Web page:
The madrigal Ultimi miei sospiri by Philippe Verdelot is among the finest and best-known secular pieces of the earlier part of the sixteenth century. As one of the early pioneers of the madrigal, Verdelot was also among the first to compose examples of the genre for as many as six parts, a texture which offers significant opportunities for contrast between high and low groups of voices, or other combinations. Such techniques form a major part of the text-setting strategy of this generation of madrigalists, with the text-obscuring properties of imitative counterpoint offset by the chance to re-hear the same words sung by another group of voices. Although madrigals of the 1520s do not approach the levels of chromaticism seen later in the century, the idiom is nonetheless highly expressive, due to these composers’ command of textual accent (impressively, since the majority of them, including Verdelot, were not native Italian speakers), and of tessitura. An instance of the latter is found in Ultimi miei sospiri at ‘Dite, o beltà infinita’ (‘Speak, O infinite beauty’) where the change of voice from narrative to interlocution is marked with a new entry on the highest pitch yet heard. Verdelot’s artistry is again observable towards the end of the piece where the long notes of ‘Tornat’in me’ (‘return to me’) appear to be guiding the music towards a peaceful ending, but a final effort at energetic movement is made on ‘ch’io non vorrò morire’, as the narrator rages against the dying of the light.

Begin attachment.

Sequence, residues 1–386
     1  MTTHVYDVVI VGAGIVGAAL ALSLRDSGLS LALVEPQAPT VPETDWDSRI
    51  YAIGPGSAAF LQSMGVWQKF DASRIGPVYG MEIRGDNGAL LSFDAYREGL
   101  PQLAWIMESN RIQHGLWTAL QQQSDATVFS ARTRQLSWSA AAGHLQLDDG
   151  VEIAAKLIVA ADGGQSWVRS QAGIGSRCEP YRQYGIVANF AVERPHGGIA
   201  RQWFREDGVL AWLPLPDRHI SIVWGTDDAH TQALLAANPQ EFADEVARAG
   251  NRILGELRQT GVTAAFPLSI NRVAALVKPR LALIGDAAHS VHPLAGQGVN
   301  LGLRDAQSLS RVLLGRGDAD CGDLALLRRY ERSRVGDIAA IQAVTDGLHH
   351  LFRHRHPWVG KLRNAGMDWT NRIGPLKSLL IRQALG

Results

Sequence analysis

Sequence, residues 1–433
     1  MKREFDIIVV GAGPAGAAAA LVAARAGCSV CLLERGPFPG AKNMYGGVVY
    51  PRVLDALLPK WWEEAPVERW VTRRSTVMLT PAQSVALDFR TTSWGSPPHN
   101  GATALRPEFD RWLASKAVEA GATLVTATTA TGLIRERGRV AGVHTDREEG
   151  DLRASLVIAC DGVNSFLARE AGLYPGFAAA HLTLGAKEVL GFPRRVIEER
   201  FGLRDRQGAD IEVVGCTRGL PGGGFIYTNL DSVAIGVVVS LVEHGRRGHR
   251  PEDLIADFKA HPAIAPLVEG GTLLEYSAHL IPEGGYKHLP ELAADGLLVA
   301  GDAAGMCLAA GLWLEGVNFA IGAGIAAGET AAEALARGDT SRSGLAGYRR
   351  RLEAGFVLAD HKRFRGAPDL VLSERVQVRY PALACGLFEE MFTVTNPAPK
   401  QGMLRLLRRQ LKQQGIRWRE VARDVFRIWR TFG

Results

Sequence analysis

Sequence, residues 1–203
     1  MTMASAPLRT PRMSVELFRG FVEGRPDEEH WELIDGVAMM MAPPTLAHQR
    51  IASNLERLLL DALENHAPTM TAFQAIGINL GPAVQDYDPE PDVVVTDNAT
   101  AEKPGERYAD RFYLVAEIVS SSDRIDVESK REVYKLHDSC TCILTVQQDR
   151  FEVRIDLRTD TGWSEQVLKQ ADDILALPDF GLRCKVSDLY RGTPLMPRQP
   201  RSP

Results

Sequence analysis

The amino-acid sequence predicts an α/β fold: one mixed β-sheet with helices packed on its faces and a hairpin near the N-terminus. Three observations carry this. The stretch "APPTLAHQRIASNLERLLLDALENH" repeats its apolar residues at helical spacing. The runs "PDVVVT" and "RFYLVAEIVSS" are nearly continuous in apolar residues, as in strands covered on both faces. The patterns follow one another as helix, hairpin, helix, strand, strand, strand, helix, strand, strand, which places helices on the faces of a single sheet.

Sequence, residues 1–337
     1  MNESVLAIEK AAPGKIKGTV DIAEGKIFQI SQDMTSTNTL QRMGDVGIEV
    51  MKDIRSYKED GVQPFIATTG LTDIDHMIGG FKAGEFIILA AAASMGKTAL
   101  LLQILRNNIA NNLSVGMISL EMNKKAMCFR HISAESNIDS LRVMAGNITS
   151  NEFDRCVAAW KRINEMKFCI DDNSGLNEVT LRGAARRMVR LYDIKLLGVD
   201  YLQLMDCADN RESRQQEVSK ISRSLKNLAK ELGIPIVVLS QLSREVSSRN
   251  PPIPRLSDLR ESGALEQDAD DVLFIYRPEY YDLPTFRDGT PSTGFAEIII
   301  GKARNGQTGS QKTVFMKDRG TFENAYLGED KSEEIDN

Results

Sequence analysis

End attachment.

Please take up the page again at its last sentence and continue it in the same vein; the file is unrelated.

Such recognizable musical characteristics made Verdelot’s madrigals (and indeed motets) eminently suitable models for the imitation Mass genre that dominated the later sixteenth century. As formulated by the theorist Pietro Cerone, writing in 1613, the essence of this technique is to transplant sections of polyphony into crucial moments of one’s Mass setting, more or less in the order that they appear in the model. This represents only part of the spectrum of borrowing techniques used in the century preceding Cerone’s remark: thematic transformation, juxtaposition of polyphonic sections in quite different ways, recomposition of imitative counterpoint, all found their place in the sixteenth-century imitation Mass. Monte’s technique in his Missa Ultimi miei sospiri does however resemble that described by the theorist: each Mass movement begins with a version of the madrigal’s opening, albeit slightly varied. Elsewhere he is relatively sparing in the use of borrowed material: examples include ‘Domine Deus’ (‘Lord God’) in the Gloria, which adapts ‘Dal tuo fedel’’ (‘that your faithful one’) from the madrigal, and ‘per quem omnia facta sunt’ (‘through him all things were made’) in the Credo, taking the phrase ‘Gitene ratt’in ciel’’ (‘go swiftly to heaven’). This latter phrase is also recast in triple time to form the basis of the Osanna.